For the invention of metal oxide thin film transistors for display applications

Active-Matrix flat panel displays use thin film transistors for selection and driving of the electro-optical media such as liquid crystals or organic light emitting diodes placed in the various pixels. For direct view displays, this requires the deposition and structuring of the metals, dielectrics and semiconductors used in the thin film transistor on up to square meter sized areas. A cost-efficient deposition of thus large monocrystalline semiconductors is impossible, so that only polycrystalline or amorphous semiconductors can be used.

The imperfections and dislocations of these semiconductors usually result in significantly deteriorated electronic properties. In the case of the previously preferred elementary semiconductor silicon, this results in one (polycrystalline) to three (amorphous) orders of magnitude lower carrier mobility and thus similarly reduced current driving capability and switching speed. In comparison to polycrystalline silicon, amorphous silicon enables a significantly simpler and thus cheaper manufacturing process combined with a significantly better large area homogeneity resulting from the missing crystal boundaries. As it is still meeting the requirements for voltage controlled electro-optical materials (e.g., liquid crystals) at Full-HD TV resolution, it had been the preferred material for the realization of direct view TVs for some time. Lacking better alternatives, the extremely well performing but also expensive polycrystalline silicon has been used for current driven electro-optical materials (e.g., organic light emitting diodes) which high pixel resolution such as in mobile phones, although it vastly exceeds the respective requirements.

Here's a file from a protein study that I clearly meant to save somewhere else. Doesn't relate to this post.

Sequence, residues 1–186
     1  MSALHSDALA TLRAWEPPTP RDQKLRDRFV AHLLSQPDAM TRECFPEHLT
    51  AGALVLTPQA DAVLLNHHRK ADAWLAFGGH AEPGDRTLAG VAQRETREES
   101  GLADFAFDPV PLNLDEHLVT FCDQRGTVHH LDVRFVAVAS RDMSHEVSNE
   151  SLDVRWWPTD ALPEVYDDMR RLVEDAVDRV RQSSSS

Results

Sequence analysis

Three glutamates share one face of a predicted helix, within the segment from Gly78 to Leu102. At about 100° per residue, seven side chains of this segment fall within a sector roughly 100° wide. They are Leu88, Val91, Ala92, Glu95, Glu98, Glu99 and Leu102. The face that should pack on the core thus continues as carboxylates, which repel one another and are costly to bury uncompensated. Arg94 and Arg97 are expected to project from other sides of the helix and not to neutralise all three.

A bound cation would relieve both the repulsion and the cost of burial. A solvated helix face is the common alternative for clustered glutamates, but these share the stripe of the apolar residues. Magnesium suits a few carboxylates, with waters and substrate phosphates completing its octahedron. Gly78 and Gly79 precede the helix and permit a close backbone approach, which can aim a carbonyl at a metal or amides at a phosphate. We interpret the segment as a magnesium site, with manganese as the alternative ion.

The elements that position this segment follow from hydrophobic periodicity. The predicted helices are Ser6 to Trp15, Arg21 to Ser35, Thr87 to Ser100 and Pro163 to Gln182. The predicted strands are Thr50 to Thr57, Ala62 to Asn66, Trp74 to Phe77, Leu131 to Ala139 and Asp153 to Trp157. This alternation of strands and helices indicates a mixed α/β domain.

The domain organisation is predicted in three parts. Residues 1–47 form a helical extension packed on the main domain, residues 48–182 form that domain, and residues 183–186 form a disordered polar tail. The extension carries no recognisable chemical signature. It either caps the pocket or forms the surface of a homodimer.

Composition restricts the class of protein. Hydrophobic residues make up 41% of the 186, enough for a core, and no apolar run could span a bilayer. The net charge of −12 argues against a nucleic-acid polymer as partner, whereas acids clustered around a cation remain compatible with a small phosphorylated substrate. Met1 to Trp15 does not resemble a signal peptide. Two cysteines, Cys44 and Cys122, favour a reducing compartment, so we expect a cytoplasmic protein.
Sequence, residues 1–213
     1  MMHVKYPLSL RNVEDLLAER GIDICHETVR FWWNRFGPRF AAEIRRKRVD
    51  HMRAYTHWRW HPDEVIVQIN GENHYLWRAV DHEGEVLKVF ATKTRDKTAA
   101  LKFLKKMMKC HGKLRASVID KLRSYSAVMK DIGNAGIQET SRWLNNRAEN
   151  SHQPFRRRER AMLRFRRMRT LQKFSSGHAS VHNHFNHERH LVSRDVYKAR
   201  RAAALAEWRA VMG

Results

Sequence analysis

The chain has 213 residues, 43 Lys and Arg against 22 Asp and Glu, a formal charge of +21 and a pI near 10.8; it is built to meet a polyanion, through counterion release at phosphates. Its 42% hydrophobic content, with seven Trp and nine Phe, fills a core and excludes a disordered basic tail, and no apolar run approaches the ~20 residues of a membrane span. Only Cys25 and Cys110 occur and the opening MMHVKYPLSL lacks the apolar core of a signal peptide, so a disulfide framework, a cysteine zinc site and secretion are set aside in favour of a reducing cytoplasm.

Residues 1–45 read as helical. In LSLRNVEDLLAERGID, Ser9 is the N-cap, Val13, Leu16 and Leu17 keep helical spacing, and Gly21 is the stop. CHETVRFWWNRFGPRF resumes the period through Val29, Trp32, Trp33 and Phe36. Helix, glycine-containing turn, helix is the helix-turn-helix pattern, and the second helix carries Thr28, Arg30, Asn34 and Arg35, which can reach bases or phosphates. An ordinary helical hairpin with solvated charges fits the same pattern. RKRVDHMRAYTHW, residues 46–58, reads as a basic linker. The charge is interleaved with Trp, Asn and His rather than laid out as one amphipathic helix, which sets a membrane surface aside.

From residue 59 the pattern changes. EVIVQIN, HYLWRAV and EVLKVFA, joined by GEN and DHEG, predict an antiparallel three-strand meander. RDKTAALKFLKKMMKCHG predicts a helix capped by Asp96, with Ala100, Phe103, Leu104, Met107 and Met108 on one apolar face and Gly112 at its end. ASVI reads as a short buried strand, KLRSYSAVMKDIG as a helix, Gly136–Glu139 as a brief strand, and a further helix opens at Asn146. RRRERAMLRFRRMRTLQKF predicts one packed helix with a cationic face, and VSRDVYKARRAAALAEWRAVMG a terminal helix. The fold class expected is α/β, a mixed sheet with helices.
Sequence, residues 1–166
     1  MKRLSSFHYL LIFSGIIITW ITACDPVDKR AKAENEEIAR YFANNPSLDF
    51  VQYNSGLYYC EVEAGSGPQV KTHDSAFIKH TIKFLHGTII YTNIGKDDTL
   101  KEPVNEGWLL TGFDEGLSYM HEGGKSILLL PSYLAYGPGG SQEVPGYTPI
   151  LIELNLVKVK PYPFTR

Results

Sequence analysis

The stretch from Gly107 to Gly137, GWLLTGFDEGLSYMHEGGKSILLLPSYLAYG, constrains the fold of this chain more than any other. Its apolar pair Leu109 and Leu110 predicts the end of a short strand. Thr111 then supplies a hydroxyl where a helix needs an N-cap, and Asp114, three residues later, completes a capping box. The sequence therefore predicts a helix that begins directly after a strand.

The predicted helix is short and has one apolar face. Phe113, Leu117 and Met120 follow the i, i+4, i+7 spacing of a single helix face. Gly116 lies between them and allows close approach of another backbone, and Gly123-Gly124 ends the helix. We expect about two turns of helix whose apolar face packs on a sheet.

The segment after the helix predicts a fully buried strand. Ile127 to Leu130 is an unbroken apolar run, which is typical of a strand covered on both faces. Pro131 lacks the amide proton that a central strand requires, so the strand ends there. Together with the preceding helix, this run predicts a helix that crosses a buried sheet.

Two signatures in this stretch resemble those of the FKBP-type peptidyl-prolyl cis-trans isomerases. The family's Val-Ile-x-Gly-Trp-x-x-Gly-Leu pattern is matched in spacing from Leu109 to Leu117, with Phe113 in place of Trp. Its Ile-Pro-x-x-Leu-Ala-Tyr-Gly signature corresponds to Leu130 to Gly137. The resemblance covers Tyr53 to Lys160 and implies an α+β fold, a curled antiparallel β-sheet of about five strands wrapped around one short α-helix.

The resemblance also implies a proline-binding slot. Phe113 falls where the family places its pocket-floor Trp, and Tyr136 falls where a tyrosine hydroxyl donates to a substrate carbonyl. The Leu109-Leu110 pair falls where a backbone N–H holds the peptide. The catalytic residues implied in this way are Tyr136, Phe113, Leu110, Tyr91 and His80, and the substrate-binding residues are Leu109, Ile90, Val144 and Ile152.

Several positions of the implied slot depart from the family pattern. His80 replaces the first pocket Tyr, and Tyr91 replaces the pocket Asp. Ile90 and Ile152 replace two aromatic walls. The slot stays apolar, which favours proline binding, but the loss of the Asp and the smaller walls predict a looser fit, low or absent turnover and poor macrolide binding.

The new material class of metal oxide compound semiconductors firstly proposed by the awardee in 1997 exhibits extremely interesting properties, which his group was able to demonstrate for the application in thin film transistors in a more than 8000 times cited publication the year 2004. As the conduction band properties of metal oxide semiconductors are predominantly defined by the spherical s-orbitals of the metal ions, the loss of carrier mobility experienced in the transition to amorphous materials is significantly smaller than in the case of the covalent bonds of silicon. Furthermore, amorphous metal oxide semiconductors can be deposited with an extremely simple physical vapor deposition process, leading to an extremely competitive process even in comparison to amorphous silicon. The commonly used amorphous indium gallium zinc oxide exhibits 1.5 order of magnitude higher carrier mobility than amorphous silicon and thus gives access to the intermediate range that is more adapted to display applications. Due to the desirable combination of good current driving capability and simple processing even on large areas, all since 2013 worldwide sold OLED TVs use metal oxide thin film transistors for driving the pixels.

Besides the already mentioned advantages, metal oxide semiconductors exhibit a comparatively large band gap of more than 3 eV. Even the most energetic blue photons have a lower energy and are thus not absorbed in metal oxide semiconductors, which enables the realization of optically transparent circuits. Furthermore, the large band gap leads to three orders of magnitude lower off currents in comparison to amorphous silicon, which permits a significant reduction of the display refresh rate for static or predominantly static image contents. The related significant reduction of energy consumption is the reason for applying metal oxide thin film transistors in the newest generation of the Apple Watch and other mobile devices. Furthermore, the low off current in combination with the possibility for low temperature processing also motivates numerous research efforts outside of the display technology in the area of 3D integration of future highly integrated circuits.

This years award winner, Prof. Hideo Hosono has not only given the decisive impulse for all these developments but also for more than twenty years been instrumental for the development of various other materials such as a new kind of high temperature superconductor. Numerous prizes and awards such as the Japan Prize (2016) and the Van Hippel Award of the Material Research Society (2018) are documenting the worldwide recognition of Prof. Hosono´s work.

The Eduard Rhein Foundation honors Prof. Hideo Hosono as an internationally renowned pioneer of metal oxide semiconductors, who has created the foundation for new applications in the display technology as well as in the general microelectronics.

Prof. Dr.-Ing. Norbert Fruehauf